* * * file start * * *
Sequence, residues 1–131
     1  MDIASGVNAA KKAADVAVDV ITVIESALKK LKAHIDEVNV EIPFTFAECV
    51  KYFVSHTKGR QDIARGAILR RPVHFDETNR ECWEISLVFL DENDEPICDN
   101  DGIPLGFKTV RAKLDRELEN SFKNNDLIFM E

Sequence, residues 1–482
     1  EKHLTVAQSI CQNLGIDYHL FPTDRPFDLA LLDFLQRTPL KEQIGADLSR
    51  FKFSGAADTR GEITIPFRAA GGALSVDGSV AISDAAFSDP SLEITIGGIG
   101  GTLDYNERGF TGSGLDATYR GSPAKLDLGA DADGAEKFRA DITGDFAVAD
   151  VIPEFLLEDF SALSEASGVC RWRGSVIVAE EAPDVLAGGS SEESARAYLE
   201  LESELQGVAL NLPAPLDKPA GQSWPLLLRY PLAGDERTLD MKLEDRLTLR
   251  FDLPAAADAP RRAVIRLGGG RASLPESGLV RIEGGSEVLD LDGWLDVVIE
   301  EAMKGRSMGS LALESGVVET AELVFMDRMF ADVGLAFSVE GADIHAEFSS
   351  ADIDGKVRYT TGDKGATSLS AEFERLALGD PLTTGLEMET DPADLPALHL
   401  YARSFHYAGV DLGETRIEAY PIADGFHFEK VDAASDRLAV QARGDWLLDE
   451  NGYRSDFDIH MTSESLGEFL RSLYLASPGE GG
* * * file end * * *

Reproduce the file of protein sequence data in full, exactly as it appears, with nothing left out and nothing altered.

Sequence, residues 1–131
     1  MDIASGVNAA KKAADVAVDV ITVIESALKK LKAHIDEVNV EIPFTFAECV
    51  KYFVSHTKGR QDIARGAILR RPVHFDETNR ECWEISLVFL DENDEPICDN
   101  DGIPLGFKTV RAKLDRELEN SFKNNDLIFM E

Sequence, residues 1–482
     1  EKHLTVAQSI CQNLGIDYHL FPTDRPFDLA LLDFLQRTPL KEQIGADLSR
    51  FKFSGAADTR GEITIPFRAA GGALSVDGSV AISDAAFSDP SLEITIGGIG
   101  GTLDYNERGF TGSGLDATYR GSPAKLDLGA DADGAEKFRA DITGDFAVAD
   151  VIPEFLLEDF SALSEASGVC RWRGSVIVAE EAPDVLAGGS SEESARAYLE
   201  LESELQGVAL NLPAPLDKPA GQSWPLLLRY PLAGDERTLD MKLEDRLTLR
   251  FDLPAAADAP RRAVIRLGGG RASLPESGLV RIEGGSEVLD LDGWLDVVIE
   301  EAMKGRSMGS LALESGVVET AELVFMDRMF ADVGLAFSVE GADIHAEFSS
   351  ADIDGKVRYT TGDKGATSLS AEFERLALGD PLTTGLEMET DPADLPALHL
   401  YARSFHYAGV DLGETRIEAY PIADGFHFEK VDAASDRLAV QARGDWLLDE
   451  NGYRSDFDIH MTSESLGEFL RSLYLASPGE GG